Calvin Handy — The First Settler

Calvin Handy and his family were the first settlers in what would become known as Handy Township, arriving here in June, 1836.

Calvin was born about 1798 in Bennington, Vermont. At the age of 12, or around 1810, he moved with his parents to Danby, Tompkins County, New York, near the Finger Lakes. It was there that he married his wife, Patience Ostrander, and had three children: Polly (born 1825), Homer (born about 1827), and Eliza (born about 1834). On March 25, 1836, Calvin purchased 240 acres from the United States government in Section 2 of the future Handy Township.

Early in May of that year Handy shipped his household goods, a wagon, and some farming implements via the Erie Canal and Lake Erie to Detroit. He and his family, including two-year-old Eliza traveled the same way. Arriving in Detroit, they puchased a yoke of oxen, loaded up the wagon, and began the hard journey to their new property. By late May they had arrived at the log home of Sardis Davis, in Marion Township, south of what would become the city of Howell. The Handys stayed with Mr. Davis, the first settler of Marion Township, for about three weeks until their cabin in Handy Township was built.

On June 16, 1836 Calvin and his family moved into their new log home. That afternoon six other settlers arrived, including brothers Frederick B. and Cecil D. Parsons. They asked Mr. Handy if they might sleep on his floor that night, and were quite taken aback when he replied “no.” Then Handy explained to them that they couldn’t sleep on the floor, as he didn’t yet have a floor, but that they were welcome to stay, and Patience would try to make them as comfortable as possible. She unpacked some boxes of beds and bedding, spread them on the ground, and the six men were able to sleep, spread around the bedding with their heads and shoulders on the mattress. The children were bedded down in half-empty packing boxes, and Mr. and Mrs. Handy found a place to sleep.

By the following year, Handy’s property (240 acres) was valued at $720, or just $3.00 per acre. In 1839 he became the second township supervisor, and later served in other offices. Sometime around 1842 the Handys became parents to another daughter, Helen.

Handy’s property in Section 2 was approximately the site of the former Ken Curtis home on Sharpe Road, just west of Cemetery Road. At some point in time Handy moved from the farm into the village. After the Handys owned the home it was owned by Dr. Arthur Austin, and later, Henry Curtis, a janitor with the Fowlerville schools. It was located at 309 E. Grand River (between Collins and Hibbard Streets), the site of the present Murphy Chiropractic building. The house was torn down in April, 1971.

IMG_5577According to the History of Livingston Co., Michigan by Ellis, Calvin Handy died on May 29, 1874. However state records and cemetery records give the year of death as 1875 rather than 1874. Patience lived until November 29, 1886, living with her daughter and son-in-law, Helen and Mathew Alsbro, and her granddaughter, Addie Alsbro.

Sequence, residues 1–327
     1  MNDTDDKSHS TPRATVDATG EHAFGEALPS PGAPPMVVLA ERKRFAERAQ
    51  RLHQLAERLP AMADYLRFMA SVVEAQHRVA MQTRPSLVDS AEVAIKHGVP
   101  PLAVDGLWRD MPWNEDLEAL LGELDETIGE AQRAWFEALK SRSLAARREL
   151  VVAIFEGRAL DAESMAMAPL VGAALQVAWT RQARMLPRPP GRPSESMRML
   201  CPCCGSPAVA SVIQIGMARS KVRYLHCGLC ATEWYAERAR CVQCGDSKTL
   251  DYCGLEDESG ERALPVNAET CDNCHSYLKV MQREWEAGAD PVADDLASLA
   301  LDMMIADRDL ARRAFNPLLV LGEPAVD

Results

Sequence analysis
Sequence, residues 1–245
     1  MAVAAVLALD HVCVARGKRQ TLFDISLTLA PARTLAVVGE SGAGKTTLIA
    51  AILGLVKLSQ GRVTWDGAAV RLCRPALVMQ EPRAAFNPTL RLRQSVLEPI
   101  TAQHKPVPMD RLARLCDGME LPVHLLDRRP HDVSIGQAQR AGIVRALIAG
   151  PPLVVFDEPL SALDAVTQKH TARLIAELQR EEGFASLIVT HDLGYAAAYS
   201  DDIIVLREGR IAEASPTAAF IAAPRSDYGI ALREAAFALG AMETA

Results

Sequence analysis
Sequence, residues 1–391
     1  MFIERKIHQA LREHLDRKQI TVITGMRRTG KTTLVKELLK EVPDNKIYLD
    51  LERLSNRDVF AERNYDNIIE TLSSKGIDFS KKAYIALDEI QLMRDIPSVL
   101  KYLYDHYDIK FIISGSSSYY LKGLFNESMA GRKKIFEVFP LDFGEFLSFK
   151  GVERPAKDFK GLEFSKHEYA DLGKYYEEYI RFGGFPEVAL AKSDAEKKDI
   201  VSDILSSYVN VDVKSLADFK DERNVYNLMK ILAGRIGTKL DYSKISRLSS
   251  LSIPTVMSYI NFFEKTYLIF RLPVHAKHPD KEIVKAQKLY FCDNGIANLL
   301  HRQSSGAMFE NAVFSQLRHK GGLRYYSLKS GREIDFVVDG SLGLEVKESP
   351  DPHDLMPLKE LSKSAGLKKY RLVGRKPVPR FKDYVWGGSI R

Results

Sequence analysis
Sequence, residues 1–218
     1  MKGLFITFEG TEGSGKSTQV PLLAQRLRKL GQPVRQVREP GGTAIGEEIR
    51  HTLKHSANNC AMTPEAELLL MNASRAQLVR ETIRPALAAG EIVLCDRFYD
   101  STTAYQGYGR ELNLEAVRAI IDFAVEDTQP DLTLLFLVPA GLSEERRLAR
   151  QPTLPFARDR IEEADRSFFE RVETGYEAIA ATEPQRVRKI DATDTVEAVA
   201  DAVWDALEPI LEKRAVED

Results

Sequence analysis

Polly Handy (1825-March 9, 1918) married William Alsbro (1821-March 5, 1913) and lived in Handy Township. They had two children, Charles (1848-1913) and Ella P. (1854-Feb. 17, 1940). Ella married  Eugene H. Gibson Oct. 31, 1878. He was born in 1851 in Deerfield Township, and died June 18, 1918 at the age of 66. After the death of her husband and parents, Ella moved to Greenville, in Montcalm County. Polly and William, along with their children and Eugene Gibson are buried at Greenwood Cemetery with Calvin Handy.

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Homer apparently never married, and lived with different people as an adult. In 1880 he was 52, a “retired farmer”, and boarding with Edwin E. Watson.

Eliza Handy was born around 1834 in New York and died in 1853. She is buried in Greenwood Cemetery with her father.

Daughter Helen (1842-1915) married Mathew Alsbro (Feb. 1831-Dec. 25, 1922) sometime in the mid 1860s. The Alsbros had one daughter, Ada (Jan. 1872-Feb. 7, 1954), and a son, 

Charles C. (Oct. 17, 1873-Nov. 25, 1876), who died at the age of three from scarlet fever. 

They lived in Handy Township for a while, but by 1900 had moved to Owosso in Shiawassee County. 

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Addie married Edward Wixson around 1900. The young couple were living with Helen and Matthew in Owosso in 1910. At that time Addie was 38, had been married for 10 years and had no children. Addie appears to have been the last living descendant of Calvin and Patience Handy. Helen and Matthew, along with their two children, son-in-law Edward Wixson and Helen’s mother, Patience Handy, are buried in a plot at Greenwood Cemetery. The large stone says Wixson-Alsbro, and there are two small markers; one for Helen Alsbro and another for Edward Wixson.


Sources:

Charboneau, Milton. Greenwood and Mount Olivet Cemeteries, Fowlerville, Michigan: Transcribed Records. Howell, MI: Livingston County Genealogical Society, 1985.

Ellis, Franklin. History of Livingston Co., Michigan: With Illustrations and Biographical Sketches of Its Prominent Men and Pioneers. Philadelphia: Everts & Abbott, 1880. Reprint Evansville, IN: Unigraphic, 1975.

Lewis, Helen F. Southeastern Michigan Pioneer Families: Especially Livingston County and New York Origins. Rhinebeck, NY: Kinship, 1995.

Federal Census records of Michigan.

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